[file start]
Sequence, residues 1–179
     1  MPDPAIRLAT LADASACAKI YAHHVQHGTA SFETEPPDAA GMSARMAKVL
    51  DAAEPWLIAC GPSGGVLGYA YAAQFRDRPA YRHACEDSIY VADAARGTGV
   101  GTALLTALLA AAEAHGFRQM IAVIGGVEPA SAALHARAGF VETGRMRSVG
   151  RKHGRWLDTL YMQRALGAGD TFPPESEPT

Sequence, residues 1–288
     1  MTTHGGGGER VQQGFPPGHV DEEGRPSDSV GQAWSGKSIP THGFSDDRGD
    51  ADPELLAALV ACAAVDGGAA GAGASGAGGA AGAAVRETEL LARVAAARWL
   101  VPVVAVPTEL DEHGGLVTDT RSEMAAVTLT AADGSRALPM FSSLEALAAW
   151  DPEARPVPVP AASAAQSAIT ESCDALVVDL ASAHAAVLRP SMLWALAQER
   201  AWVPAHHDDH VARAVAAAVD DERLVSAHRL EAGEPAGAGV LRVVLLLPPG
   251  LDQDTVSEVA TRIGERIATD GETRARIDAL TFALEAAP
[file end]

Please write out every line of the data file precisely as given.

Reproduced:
Sequence, residues 1–179
     1  MPDPAIRLAT LADASACAKI YAHHVQHGTA SFETEPPDAA GMSARMAKVL
    51  DAAEPWLIAC GPSGGVLGYA YAAQFRDRPA YRHACEDSIY VADAARGTGV
   101  GTALLTALLA AAEAHGFRQM IAVIGGVEPA SAALHARAGF VETGRMRSVG
   151  RKHGRWLDTL YMQRALGAGD TFPPESEPT

Sequence, residues 1–288
     1  MTTHGGGGER VQQGFPPGHV DEEGRPSDSV GQAWSGKSIP THGFSDDRGD
    51  ADPELLAALV ACAAVDGGAA GAGASGAGGA AGAAVRETEL LARVAAARWL
   101  VPVVAVPTEL DEHGGLVTDT RSEMAAVTLT AADGSRALPM FSSLEALAAW
   151  DPEARPVPVP AASAAQSAIT ESCDALVVDL ASAHAAVLRP SMLWALAQER
   201  AWVPAHHDDH VARAVAAAVD DERLVSAHRL EAGEPAGAGV LRVVLLLPPG
   251  LDQDTVSEVA TRIGERIATD GETRARIDAL TFALEAAP